Does Python have a function that I can use to escape special characters in a string?
I'm "stuck" :\ should become
I\'m \"stuck\" :\\.
>>> import re >>> re.escape(r'\ a.*$') '\\\\\\ a\\.\\*\\$' >>> print(re.escape(r'\ a.*$')) \\\ a\.\*\$ >>> re.escape('www.stackoverflow.com') 'www\\.stackoverflow\\.com' >>> print(re.escape('www.stackoverflow.com')) www\.stackoverflow\.com
Repeating it here:
Return string with all non-alphanumerics backslashed; this is useful if you want to match an arbitrary literal string that may have regular expression metacharacters in it.
As of Python 3.7
re.escape() was changed to escape only characters which are meaningful to regex operations.
I'm surprised no one has mentioned using regular expressions via
import re print re.sub(r'([\"])', r'\\\1', 'it\'s "this"') # it's \"this\" print re.sub(r"([\'])", r'\\\1', 'it\'s "this"') # it\'s "this" print re.sub(r'([\" \'])', r'\\\1', 'it\'s "this"') # it\'s\ \"this\"
Important things to note:
\as well as the character(s) you're looking for. You're going to be using
\to escape your characters, so you need to escape that as well.
([\"]), so that the substitution pattern can use the found character when it adds
\in front of it. (That's what
\1does: uses the value of the first parenthesized group.)
rin front of
r'([\"])'means it's a raw string. Raw strings use different rules for escaping backslashes. To write
([\"])as a plain string, you'd need to double all the backslashes and write
'([\\"])'. Raw strings are friendlier when you're writing regular expressions.
\to distinguish it from a backslash that precedes a substitution group, e.g.
r'\\\1'. To write that as a plain string, you'd need
'\\\\\\1'— and nobody wants that.
Use repr()[1:-1]. In this case, the double quotes don't need to be escaped. The [-1:1] slice is to remove the single quote from the beginning and the end.
>>> x = raw_input() I'm "stuck" :\ >>> print x I'm "stuck" :\ >>> print repr(x)[1:-1] I\'m "stuck" :\\
Or maybe you just want to escape a phrase to paste into your program? If so, do this:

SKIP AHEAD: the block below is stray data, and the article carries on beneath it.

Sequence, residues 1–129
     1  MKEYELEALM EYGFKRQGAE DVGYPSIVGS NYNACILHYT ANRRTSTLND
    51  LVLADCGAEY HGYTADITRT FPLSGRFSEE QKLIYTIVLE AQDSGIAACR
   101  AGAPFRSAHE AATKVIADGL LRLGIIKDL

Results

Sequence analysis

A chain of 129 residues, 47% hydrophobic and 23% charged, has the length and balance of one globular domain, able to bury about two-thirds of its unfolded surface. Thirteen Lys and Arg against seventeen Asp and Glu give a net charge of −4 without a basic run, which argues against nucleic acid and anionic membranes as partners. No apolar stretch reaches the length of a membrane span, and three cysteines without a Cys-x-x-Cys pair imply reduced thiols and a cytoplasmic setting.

>>> raw_input() I'm "stuck" :\ 'I\'m "stuck" :\\'
As it was mentioned above, the answer depends on your case. If you want to escape a string for a regular expression then you should use re.escape(). But if you want to escape a specific set of characters then use this lambda function:
>>> escape = lambda s, escapechar, specialchars: "".join(escapechar + c if c in specialchars or c == escapechar else c for c in s) >>> s = raw_input() I'm "stuck" :\ >>> print s I'm "stuck" :\ >>> print escape(s, "\\", ['"']) I'm \"stuck\" :\\
Note: This answer was written in response to the original question which was written in a way that it asked for a generic “function which can [be used] to escape special characters”, without specifying that these would be used for regular expressions, and without further specifying what special characters would have to be escaped.
In order to escape an arbitrary set of “special characters”, you can write a custom function that replaces each of these characters with an escaped variant. Something like this:
def escapeSpecialCharacters ( text, characters ): for character in characters: text = text.replace( character, '\\' + character ) return text >>> escapeSpecialCharacters( 'I\'m "stuck" :\\', '\'"' ) 'I\\\'m \\"stuck\\" :\\' >>> print( _ ) I\'m \"stuck\" :\